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Film / Dark and Stormy Night

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There's a reading of the will
on a dark and stormy niiiiiiiight.
Sure hope I don't get killed
on a dark and stormy niiiiiiiight.
I don't really know
who is friend or foooooooooooe
on a dark and stormy night.

— Some of the survivors, at the end of the movie.

Dark and Stormy Night is a 2009 movie by Larry Blamire of The Lost Skeleton of Cadavra fame. It is an homage to the Old, Dark House movies of the 1930s, complete with Lampshade Hanging moments. It features a large cast of stereotypical characters at an Old, Dark House for the reading of the will of Sinas Cavendar. Some are there to see what they got, and others are there by accident, or are they? During the reading, the lights go out and the lawyer reading the will is killed, leaving in doubt the possession of Sinas' estate. As the night progresses, more and more of the guests in the house are killed off by a mysterious murderer. Can the two ace reporters figure out who's doing it before they are the next victims?

Tread carefully, spoilers abound.

Not to be confused with It Was a Dark and Stormy Night.

This movie provides examples of:

  • Affectionate Parody: Of Old, Dark House murder mystery movie
  • Bookcase Passage: Seyon Ethelquake finds one while perusing a book on stilts.
    • Ambiguous Syntax: Not the book was placed on stilts, or that he was on stilts while perusing the book, but the book itself was on the subject of stilts.
  • The Butler Did It: Played with. Jeens is not the murderer, but apparently was involved in some shady business, but "those bodies were never found."
  • Captain Obvious: Some of Archie's dialogue.
    Feeding things will keep them alive.
  • Crusty Caretaker: Archie has aspects of this, being an unkempt servant of questionable sanity, although he's actually the cook.
  • Dramatic Thunder: A regular occurrence throughout the evening. Makes sense, given the movie's title.
  • French Maid: Jane wears a French maid uniform, though it lacks any fanservice. And she has a cockney accent, rather than a French accent.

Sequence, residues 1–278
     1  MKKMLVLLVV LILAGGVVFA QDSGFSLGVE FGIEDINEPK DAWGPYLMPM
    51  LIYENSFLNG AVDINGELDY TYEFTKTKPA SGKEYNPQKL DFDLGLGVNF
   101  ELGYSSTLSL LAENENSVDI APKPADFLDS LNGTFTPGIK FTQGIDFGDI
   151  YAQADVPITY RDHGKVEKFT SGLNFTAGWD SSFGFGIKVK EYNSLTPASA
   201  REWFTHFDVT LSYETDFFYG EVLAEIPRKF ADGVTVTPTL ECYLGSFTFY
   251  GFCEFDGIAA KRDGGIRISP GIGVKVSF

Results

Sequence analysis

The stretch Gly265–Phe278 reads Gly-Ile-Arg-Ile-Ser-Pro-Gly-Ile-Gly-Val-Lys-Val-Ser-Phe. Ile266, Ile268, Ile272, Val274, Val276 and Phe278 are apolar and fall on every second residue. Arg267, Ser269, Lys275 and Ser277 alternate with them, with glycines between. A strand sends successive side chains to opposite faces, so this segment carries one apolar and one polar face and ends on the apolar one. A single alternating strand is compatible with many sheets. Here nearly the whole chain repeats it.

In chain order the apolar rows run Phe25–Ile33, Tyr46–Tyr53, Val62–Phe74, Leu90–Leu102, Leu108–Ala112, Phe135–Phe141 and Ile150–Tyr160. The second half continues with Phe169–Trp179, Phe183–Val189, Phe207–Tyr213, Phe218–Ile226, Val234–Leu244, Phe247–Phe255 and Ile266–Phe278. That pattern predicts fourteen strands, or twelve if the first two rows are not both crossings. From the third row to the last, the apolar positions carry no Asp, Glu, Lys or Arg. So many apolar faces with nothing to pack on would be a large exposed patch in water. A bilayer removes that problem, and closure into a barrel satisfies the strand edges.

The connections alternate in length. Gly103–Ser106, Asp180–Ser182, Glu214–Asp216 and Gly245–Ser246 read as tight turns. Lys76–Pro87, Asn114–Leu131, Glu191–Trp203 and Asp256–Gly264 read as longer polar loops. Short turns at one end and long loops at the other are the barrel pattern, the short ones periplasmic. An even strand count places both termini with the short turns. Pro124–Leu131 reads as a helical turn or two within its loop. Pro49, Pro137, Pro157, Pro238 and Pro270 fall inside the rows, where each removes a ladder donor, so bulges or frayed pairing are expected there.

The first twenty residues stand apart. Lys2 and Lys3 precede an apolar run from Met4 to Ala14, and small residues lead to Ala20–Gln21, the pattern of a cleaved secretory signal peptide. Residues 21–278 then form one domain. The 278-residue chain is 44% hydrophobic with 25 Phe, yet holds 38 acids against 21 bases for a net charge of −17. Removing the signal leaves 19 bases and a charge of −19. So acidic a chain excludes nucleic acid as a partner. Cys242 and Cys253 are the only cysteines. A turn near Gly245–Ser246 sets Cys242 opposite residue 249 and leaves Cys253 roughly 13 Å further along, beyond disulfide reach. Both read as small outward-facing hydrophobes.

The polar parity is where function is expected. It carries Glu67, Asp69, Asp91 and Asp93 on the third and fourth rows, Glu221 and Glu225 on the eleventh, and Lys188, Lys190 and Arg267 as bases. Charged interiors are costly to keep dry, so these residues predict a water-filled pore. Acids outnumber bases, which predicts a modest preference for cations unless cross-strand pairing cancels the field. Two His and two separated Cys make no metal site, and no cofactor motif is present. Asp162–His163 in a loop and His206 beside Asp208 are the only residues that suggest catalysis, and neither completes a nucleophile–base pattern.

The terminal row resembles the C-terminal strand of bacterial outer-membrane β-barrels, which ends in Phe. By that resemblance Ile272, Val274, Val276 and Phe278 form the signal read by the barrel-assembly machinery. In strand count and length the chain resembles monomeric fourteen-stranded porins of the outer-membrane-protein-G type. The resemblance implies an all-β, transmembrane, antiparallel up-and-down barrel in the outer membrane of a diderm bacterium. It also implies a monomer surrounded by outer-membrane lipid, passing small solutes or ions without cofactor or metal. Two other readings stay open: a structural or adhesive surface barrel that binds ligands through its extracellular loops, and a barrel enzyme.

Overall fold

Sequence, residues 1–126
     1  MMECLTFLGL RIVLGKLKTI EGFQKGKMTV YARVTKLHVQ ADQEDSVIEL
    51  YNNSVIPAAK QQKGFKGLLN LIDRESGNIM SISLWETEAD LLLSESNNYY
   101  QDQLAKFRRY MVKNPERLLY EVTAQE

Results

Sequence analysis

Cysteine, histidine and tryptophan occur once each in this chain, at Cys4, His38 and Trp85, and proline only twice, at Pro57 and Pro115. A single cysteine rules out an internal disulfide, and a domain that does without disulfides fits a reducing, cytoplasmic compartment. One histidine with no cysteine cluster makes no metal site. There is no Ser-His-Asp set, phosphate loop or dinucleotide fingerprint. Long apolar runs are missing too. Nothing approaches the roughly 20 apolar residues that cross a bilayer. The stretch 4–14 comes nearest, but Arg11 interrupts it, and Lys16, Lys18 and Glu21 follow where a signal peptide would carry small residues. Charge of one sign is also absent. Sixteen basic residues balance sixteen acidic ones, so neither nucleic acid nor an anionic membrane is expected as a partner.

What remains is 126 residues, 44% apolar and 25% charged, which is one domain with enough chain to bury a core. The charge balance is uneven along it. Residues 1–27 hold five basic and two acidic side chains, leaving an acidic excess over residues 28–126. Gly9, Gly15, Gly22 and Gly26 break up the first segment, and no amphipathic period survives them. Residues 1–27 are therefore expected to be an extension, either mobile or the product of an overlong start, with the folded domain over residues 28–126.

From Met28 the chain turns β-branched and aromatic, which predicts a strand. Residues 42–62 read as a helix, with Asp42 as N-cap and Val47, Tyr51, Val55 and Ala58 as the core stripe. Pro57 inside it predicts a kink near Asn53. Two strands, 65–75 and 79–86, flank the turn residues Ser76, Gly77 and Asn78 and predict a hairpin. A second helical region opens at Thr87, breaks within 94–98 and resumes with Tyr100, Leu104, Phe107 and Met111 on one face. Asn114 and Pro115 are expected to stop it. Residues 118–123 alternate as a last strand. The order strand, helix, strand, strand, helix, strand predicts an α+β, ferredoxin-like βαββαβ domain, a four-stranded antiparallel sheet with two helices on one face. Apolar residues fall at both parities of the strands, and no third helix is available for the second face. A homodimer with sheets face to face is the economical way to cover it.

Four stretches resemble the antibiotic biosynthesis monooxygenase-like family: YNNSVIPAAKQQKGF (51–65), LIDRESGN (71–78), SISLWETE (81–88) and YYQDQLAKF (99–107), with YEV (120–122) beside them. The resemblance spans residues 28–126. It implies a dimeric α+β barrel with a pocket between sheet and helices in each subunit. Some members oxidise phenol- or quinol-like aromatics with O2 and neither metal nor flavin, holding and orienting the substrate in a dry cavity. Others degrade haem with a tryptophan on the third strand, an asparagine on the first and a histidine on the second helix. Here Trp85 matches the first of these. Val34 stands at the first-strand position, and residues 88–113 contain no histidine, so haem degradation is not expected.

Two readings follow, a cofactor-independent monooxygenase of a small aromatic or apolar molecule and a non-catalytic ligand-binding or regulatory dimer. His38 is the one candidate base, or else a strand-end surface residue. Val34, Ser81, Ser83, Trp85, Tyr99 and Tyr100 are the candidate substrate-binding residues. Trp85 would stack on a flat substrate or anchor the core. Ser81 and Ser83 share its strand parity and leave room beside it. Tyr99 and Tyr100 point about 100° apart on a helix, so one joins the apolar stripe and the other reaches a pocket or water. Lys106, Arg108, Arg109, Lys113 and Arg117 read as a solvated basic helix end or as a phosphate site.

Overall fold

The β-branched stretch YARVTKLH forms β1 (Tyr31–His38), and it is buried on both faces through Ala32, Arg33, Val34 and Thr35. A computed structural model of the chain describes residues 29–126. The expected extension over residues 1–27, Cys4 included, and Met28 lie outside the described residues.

• Great White Hunter: Jack Tugdon, Sinas Cavender's safari guide, is a very Colonel Mustard take on this trope.
  • Haunted House Historian: Characters take turns dumping bits of exposition on us.
  • His Name Is...: Inspector Riley's sole scene is arriving at the front door, stating that he knows who the murderer is and dying when the lights suddenly go out (again).
  • Human Head on the Wall: At one point, during the brief blackout, Jack Tugdon is killed, his head taxidermied, and mounted on a wall
  • Humble Goal: All Happy the cabbie wants is the thirty-five cents Faraday owes him.
  • In the Hood: Both killers wear hooded robes.
  • Intrepid Reporter: Two of them, Billy Tuesday and 8 O'clock Farraday, who are fighting to be the first to write up the events of the movie.
  • The Jeeves: Jeens, the snooty butler, is a rather suspicious take on this.
  • Lights Off, Somebody Dies: Used to the point of a Running Gag. At one point, during the brief blackout, Jack Tugdon is killed, his head taxidermied, and mounted on a wall. Towards the end of the film, the characters aren't even surprised anymore.
  • Madwoman in the Attic: Thessaly, Sinas Cavendar's daughter, locked away for her Violent Glaswegian tendencies.
  • Obfuscating Stupidity: Ray Vestinhaus, who is really a cop.
  • Old, Dark House: Cavender Hall, where most of the actual is set.
  • Overly Long Gag: "Have you the letter?" "Have I the letter?! No! Have you the letter?"
  • Posthumous Character: Sinas Cavender, whose will is to be read on the eponymous night.
  • Portrait Painting Peephole: What do you do when you're looking through the peephole and notice that someone else is looking through another peephole on the other side of the gallery?
  • Rich Bitch: Pristy, Burling's adulterous and spoiled wife.
  • Spooky Séance: It's really not very scary, though. They summon Marvin Kaplan, who tells them nothing useful.
    It's really bad. And nasty.
  • Stylistic Suck: Most of the film is pretty deliberately campy, but extra credit goes to Larry Blamire's performance as Ray.
  • Upper-Class Twit: Both Lord Partfine and Burling Famish Jr. play different types of twits: Partfine is the silly ass, while Burling is the disreputable cad.
  • What the Hell, Hero?: The police admit that they knew what was going on, but they let everyone get murdered to solidify their case against the murderer. They don't get chewed out, per se but the reporters are rather bewildered that the cops would just let it happen.